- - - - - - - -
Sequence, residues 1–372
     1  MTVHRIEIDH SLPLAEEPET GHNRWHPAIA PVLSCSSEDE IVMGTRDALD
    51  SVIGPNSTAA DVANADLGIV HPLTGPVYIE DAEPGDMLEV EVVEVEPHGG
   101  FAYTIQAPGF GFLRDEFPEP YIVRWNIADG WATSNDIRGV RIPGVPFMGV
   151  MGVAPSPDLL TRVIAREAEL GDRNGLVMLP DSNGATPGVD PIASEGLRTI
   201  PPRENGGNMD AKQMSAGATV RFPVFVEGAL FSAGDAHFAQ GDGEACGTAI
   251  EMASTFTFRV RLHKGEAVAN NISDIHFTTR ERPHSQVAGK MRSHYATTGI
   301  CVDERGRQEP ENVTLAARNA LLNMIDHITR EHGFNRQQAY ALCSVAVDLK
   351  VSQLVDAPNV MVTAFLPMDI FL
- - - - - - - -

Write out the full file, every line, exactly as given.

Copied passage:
Sequence, residues 1–372
     1  MTVHRIEIDH SLPLAEEPET GHNRWHPAIA PVLSCSSEDE IVMGTRDALD
    51  SVIGPNSTAA DVANADLGIV HPLTGPVYIE DAEPGDMLEV EVVEVEPHGG
   101  FAYTIQAPGF GFLRDEFPEP YIVRWNIADG WATSNDIRGV RIPGVPFMGV
   151  MGVAPSPDLL TRVIAREAEL GDRNGLVMLP DSNGATPGVD PIASEGLRTI
   201  PPRENGGNMD AKQMSAGATV RFPVFVEGAL FSAGDAHFAQ GDGEACGTAI
   251  EMASTFTFRV RLHKGEAVAN NISDIHFTTR ERPHSQVAGK MRSHYATTGI
   301  CVDERGRQEP ENVTLAARNA LLNMIDHITR EHGFNRQQAY ALCSVAVDLK
   351  VSQLVDAPNV MVTAFLPMDI FL